January 4, 2006
Update on the Spitzer Probe on Digital Song Pricing
More details are coming out in the Spitzer probe on digital download pricing. The first news came out in regulatory filings with the SEC by various music distributors and online services. Those who have acknowledged that they have received subpoenas have basically said they are cooperating with the probe and nothing more.
Analysts are speculating that because of past conduct of the industry, the New York Attorney General isn't taking any chances on collusive pricing activity by the major labels. Steve Jobs of Apple acknowledged that labels were exerting pressure to change pricing from a standard 99 cents per track to a higher price for more current tracks and a lesser price for slow movers.
While the market can play a role in the demand for tracks, no one in the industry has suggested a price point on either end of the scale or what is in fact a slow moving track. Jobs was widely quoted as calling the music industry as "greedy." From a populist perspective, Job's comment was not generating much debate about its accuracy. The studios did have to settle a CD pricing collusion case some time back. There was also the payola scandal where manufacturers paid stations and DJ's to place some songs in a heavier rotation which resulted in monetary damages.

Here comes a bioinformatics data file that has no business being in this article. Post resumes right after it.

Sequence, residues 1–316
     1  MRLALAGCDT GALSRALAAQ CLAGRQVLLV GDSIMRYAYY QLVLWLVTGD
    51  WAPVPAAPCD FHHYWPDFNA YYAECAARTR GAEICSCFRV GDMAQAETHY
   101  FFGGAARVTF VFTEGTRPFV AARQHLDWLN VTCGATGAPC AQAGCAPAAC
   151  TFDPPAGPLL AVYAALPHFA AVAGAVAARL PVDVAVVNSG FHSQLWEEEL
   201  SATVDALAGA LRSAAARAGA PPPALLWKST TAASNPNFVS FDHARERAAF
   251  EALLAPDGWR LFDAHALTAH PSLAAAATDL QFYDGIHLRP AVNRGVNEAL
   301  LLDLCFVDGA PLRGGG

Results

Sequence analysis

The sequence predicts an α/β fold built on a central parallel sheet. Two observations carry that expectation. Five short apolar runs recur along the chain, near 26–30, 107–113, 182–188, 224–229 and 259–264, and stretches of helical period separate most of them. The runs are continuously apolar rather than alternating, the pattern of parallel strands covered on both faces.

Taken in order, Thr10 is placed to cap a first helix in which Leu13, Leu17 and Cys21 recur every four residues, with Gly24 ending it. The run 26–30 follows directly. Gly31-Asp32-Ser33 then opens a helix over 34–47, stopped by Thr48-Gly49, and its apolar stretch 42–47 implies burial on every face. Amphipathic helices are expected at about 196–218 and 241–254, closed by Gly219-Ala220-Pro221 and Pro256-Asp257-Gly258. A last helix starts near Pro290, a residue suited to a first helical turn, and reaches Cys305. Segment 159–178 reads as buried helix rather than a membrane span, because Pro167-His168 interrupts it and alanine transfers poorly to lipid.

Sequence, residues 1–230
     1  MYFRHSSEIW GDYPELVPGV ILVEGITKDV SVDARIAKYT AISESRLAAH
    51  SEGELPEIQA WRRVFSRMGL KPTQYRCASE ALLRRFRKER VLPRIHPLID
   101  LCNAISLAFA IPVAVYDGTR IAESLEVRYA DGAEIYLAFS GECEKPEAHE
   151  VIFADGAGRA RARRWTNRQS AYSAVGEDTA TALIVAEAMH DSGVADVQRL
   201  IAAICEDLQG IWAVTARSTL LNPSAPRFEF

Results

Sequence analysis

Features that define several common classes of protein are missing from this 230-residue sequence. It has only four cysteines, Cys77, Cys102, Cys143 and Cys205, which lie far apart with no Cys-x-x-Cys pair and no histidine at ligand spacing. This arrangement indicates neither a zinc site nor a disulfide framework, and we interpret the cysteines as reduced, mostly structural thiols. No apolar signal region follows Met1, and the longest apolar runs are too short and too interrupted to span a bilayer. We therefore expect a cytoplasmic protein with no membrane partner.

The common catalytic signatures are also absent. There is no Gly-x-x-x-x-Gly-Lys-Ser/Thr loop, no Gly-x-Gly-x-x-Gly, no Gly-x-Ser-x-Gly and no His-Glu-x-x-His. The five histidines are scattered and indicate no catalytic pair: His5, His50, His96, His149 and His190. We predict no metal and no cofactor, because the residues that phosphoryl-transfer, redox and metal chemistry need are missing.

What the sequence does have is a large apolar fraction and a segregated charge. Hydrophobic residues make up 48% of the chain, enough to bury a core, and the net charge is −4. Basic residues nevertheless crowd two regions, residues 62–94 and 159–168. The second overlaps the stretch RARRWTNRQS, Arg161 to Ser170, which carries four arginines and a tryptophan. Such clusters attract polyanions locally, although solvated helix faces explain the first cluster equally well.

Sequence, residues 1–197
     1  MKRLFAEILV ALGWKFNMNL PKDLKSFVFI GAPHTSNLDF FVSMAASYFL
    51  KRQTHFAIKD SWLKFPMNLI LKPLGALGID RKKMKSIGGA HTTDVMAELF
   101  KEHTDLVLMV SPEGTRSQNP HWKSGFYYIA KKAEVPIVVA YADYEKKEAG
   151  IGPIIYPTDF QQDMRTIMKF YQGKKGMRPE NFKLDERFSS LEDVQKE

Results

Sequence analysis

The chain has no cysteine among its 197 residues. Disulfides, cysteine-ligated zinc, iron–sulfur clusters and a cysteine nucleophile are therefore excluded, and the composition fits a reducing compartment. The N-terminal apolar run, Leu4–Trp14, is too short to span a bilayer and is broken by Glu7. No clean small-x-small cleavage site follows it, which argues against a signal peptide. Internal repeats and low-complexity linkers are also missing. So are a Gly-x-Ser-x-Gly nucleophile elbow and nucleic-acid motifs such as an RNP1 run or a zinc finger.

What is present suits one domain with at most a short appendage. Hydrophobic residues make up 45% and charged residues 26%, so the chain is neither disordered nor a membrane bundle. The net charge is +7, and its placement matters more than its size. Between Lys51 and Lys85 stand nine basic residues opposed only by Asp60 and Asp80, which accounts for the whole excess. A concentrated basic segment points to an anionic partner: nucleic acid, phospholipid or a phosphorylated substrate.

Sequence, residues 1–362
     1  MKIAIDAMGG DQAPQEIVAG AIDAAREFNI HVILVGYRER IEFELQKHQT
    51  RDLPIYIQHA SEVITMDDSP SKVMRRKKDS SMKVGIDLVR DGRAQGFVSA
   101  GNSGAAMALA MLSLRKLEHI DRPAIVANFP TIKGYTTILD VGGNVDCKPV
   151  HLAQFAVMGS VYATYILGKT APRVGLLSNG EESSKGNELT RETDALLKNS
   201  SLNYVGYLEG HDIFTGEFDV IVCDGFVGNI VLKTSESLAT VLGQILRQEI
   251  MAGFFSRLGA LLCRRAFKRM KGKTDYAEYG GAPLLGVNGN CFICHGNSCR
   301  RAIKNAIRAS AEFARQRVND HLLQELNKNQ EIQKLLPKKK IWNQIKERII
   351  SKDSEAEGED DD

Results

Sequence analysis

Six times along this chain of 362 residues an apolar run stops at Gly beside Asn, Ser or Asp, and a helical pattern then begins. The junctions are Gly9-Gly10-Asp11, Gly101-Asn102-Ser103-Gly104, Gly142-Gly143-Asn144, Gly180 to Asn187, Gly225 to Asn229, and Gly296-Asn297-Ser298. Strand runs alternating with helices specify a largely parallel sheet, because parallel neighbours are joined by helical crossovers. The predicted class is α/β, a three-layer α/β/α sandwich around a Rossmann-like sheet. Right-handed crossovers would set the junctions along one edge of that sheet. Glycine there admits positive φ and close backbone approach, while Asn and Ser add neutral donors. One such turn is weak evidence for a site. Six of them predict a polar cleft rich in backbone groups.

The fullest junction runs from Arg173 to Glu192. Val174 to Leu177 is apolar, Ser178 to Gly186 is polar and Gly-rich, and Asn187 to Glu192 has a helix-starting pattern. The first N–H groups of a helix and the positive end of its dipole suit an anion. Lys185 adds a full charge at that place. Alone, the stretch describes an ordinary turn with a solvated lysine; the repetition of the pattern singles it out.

Some speculate that this probe is less about pressuring the labels to maintain a consistent pricing as they should not use illegal means to set those variable prices. Jobs comment aside, it is one salvo in the upcoming iTunes Store licensing negotiations. Spitzer's probe is another way of saying to the labels that they should play legal on this one.
January 4, 2006 | Permalink
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